Pentecost options add up to more than just counting
The writer attends the Church of God Big Sandy. He receives E-mail at email@example.com.
By Bernie Monsalvo
GLADEWATER, Texas--Anyone who intends to keep the Day of Pentecost has many options nowadays, and the options aren't just about "counting 50."
One of the basics of counting to Pentecost is that the counting begins on the "morrow after the Sabbath" (Leviticus 23:15).
Leviticus 23:15 uses the word Sabbath as an indicator that points to the next day: the day on which the count begins.
The day after this Sabbath is an important day: This particular Sunday is the day of the wave-sheaf offering and the first day of the first week of the Pentecost countdown.
Before we look at the following options, let's look at some of the factors that lead to the options.
First you must choose a calendar.
Many people from a Worldwide Church of God (WCG) background have relied on the calculated Jewish calendar--sometimes called the Hillel calendar, sometimes "God's sacred calendar"--for decades.
However, other calendars do exist and are used by some people who observe the feast days.
Even though a calendar can be determined by several methods, space does not allow a discussion of the following five calendar options except to list them:
Counting exclusivelyor inclusively
Second, you must decide if you will use the interpretation of counting "from" as "exclusive" or "inclusive." (Exclusive refers to excluding Sunday--the first day--in the count. Inclusive refers to counting Sunday as day No. 1 of the count.)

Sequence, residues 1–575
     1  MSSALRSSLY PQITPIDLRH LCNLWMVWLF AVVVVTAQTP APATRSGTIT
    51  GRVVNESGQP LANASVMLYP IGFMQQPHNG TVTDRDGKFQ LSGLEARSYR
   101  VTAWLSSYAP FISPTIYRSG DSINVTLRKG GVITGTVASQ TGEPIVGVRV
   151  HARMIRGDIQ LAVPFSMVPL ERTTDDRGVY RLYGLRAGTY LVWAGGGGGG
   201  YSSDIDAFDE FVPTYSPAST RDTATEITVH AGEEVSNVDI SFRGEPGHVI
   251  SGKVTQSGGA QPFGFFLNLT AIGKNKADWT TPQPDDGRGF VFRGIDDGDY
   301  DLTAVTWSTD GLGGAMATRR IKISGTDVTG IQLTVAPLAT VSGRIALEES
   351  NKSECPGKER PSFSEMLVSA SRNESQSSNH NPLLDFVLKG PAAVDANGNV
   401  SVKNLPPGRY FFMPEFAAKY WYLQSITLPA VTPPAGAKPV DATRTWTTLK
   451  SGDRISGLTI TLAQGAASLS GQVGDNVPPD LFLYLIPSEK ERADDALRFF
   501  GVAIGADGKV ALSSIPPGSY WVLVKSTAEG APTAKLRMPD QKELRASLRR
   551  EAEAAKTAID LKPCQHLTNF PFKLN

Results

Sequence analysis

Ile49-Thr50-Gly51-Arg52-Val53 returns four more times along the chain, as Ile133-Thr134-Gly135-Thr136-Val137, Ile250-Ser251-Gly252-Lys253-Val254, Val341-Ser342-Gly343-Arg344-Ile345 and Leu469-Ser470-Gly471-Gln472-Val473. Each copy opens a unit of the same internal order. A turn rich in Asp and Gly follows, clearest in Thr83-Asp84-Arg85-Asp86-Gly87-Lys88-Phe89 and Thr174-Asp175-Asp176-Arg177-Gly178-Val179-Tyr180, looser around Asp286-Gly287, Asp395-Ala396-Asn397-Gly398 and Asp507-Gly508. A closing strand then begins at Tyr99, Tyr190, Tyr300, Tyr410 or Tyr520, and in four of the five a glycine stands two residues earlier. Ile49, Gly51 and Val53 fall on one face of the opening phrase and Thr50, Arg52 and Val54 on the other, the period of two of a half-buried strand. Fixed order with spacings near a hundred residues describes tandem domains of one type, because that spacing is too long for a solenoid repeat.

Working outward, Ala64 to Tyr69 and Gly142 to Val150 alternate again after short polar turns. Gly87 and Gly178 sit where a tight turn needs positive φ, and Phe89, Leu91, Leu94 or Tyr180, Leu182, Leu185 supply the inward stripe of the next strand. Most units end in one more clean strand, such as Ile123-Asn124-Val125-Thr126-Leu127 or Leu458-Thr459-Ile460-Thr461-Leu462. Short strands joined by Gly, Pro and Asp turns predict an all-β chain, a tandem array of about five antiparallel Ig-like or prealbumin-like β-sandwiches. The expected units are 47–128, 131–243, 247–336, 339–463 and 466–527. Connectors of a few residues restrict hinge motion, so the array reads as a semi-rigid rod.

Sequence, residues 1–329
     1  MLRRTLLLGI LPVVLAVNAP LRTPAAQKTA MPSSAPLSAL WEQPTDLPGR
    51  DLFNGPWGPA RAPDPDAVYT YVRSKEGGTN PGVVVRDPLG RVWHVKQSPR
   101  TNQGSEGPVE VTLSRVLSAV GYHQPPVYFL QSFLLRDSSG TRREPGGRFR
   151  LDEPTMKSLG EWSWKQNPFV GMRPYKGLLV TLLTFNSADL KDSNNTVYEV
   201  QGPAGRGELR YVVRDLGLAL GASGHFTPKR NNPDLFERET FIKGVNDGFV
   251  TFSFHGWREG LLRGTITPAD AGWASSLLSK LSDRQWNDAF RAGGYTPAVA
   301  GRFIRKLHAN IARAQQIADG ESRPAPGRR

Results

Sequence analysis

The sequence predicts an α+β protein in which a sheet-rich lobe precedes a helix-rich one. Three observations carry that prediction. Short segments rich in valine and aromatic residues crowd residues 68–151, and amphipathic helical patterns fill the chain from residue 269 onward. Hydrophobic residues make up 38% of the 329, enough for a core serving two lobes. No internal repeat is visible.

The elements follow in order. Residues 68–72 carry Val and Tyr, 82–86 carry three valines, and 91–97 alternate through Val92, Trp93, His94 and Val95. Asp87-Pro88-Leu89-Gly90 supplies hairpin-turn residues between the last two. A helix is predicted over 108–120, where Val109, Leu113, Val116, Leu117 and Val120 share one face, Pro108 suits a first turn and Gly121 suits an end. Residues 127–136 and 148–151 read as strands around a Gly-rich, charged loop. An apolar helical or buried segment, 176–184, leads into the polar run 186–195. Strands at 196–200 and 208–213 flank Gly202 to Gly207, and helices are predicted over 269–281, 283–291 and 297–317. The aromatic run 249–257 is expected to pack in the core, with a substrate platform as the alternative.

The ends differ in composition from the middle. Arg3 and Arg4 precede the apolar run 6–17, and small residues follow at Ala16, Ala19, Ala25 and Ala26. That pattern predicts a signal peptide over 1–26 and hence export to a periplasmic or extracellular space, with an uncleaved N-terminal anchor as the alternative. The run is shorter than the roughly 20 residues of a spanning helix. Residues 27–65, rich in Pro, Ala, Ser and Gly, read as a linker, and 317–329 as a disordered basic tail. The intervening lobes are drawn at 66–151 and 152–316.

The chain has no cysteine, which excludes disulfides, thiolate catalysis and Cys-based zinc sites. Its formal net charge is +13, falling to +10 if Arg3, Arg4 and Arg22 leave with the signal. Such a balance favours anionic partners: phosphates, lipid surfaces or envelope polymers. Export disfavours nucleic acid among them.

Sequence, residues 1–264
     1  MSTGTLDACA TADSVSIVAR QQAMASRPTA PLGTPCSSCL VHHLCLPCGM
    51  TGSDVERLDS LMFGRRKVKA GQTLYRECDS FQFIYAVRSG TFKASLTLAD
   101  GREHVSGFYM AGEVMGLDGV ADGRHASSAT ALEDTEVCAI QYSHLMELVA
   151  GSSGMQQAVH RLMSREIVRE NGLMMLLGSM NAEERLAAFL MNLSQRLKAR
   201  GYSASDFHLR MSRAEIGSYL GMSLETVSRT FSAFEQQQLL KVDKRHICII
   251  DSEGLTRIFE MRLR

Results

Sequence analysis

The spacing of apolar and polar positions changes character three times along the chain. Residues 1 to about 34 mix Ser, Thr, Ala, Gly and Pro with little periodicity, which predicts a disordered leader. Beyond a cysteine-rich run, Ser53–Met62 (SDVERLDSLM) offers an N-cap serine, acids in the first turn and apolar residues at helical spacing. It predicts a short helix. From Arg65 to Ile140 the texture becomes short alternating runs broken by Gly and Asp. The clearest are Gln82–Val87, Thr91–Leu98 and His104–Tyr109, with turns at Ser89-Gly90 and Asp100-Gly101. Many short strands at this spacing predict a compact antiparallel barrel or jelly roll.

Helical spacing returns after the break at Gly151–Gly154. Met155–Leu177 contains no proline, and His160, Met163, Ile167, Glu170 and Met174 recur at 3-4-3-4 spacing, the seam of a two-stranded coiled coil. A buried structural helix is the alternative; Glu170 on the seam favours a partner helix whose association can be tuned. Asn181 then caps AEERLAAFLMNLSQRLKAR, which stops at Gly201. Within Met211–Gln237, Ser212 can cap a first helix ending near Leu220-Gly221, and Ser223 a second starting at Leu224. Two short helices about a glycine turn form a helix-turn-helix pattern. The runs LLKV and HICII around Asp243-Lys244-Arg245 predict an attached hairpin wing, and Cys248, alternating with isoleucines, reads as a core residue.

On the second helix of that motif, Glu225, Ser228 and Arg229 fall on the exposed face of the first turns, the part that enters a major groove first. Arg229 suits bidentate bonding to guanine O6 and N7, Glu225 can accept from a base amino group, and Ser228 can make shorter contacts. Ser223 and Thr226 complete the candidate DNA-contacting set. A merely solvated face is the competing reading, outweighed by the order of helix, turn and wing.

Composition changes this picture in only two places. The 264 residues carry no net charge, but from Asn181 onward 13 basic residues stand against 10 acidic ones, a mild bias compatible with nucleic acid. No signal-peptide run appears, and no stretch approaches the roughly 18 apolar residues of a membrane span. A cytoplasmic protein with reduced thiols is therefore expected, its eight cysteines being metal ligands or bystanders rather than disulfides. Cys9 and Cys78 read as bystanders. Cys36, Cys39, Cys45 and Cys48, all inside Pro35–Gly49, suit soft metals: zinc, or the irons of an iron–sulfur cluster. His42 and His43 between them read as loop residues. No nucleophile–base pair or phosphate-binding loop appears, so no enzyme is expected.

The WCG addressed the exclusive-inclusive issue in 1974 at the time that it addressed the issue of counting from "without" or from "within."
The day from which the counting began (Sunday) remained the same. But the method of counting changed by one day. The latter decision changed Pentecost by one day.
Before 1974 the WCG used an "exclusive" method for counting 50. This placed the Day of Pentecost on a Monday.
Beginning in 1974 the WCG used an "inclusive" procedure for counting 50. In effect this placed the identification of the day of Pentecost on a Sunday.
Counting from without or within
Third, you must choose if you will use the interpretation of counting from "within" the Days of Unleavened Bread or from "without" the Days of Unleavened Bread. The WCG addressed this issue in 1974 at the same time it addressed the previous issue.
This decision affected the day when the counting begins during certain years when the Passover falls on the weekly Sabbath. Those years include 1954, 1974, 1977, 1981, 1994, 2001, 2005 and 2008.
During those years the day the counting begins is changed by one week. This affects the identification of the Day of Pentecost by one week.
Before 1974, in those specific years, the WCG counted from the Sunday that was one day after the seventh day of Unleavened Bread--on a day outside of the Days of Unleavened Bread.
Beginning in 1974, in those specific years, the WCG counted from the Sunday inside the Days of Unleavened Bread, which actually was the first day of Unleavened Bread.
To summarize and compare, refer to the chart below.
Chart headings: Calendar type; Type of count; When to begin; Gregory date; Representative group or individual
Calculated Jewish calendar: Inclusive; Within; May 27, 2001; Many WCG offshoots*
Calculated Jewish calendar: Exclusive; Within; May 28, 2001; Various
Calculated Jewish calendar: Inclusive; Without; June 3, 2001; John Ritenbaugh
Calculated Jewish calendar: Exclusive; Without; June 4, 2001; Raymond Cole
Calculated Jewish calendar: N/A; N/A; May 28, 2001 (Sivan 6); William Dankenbring
Various non-Jewish calendars: Inclusive; Within; June 3, 2001; Frank Nelte, Darryl Henson
*Church of God International, Christian Biblical COG, Philadelphia COG, COG a Christian Fellowship, Living COG, United COG and many others.
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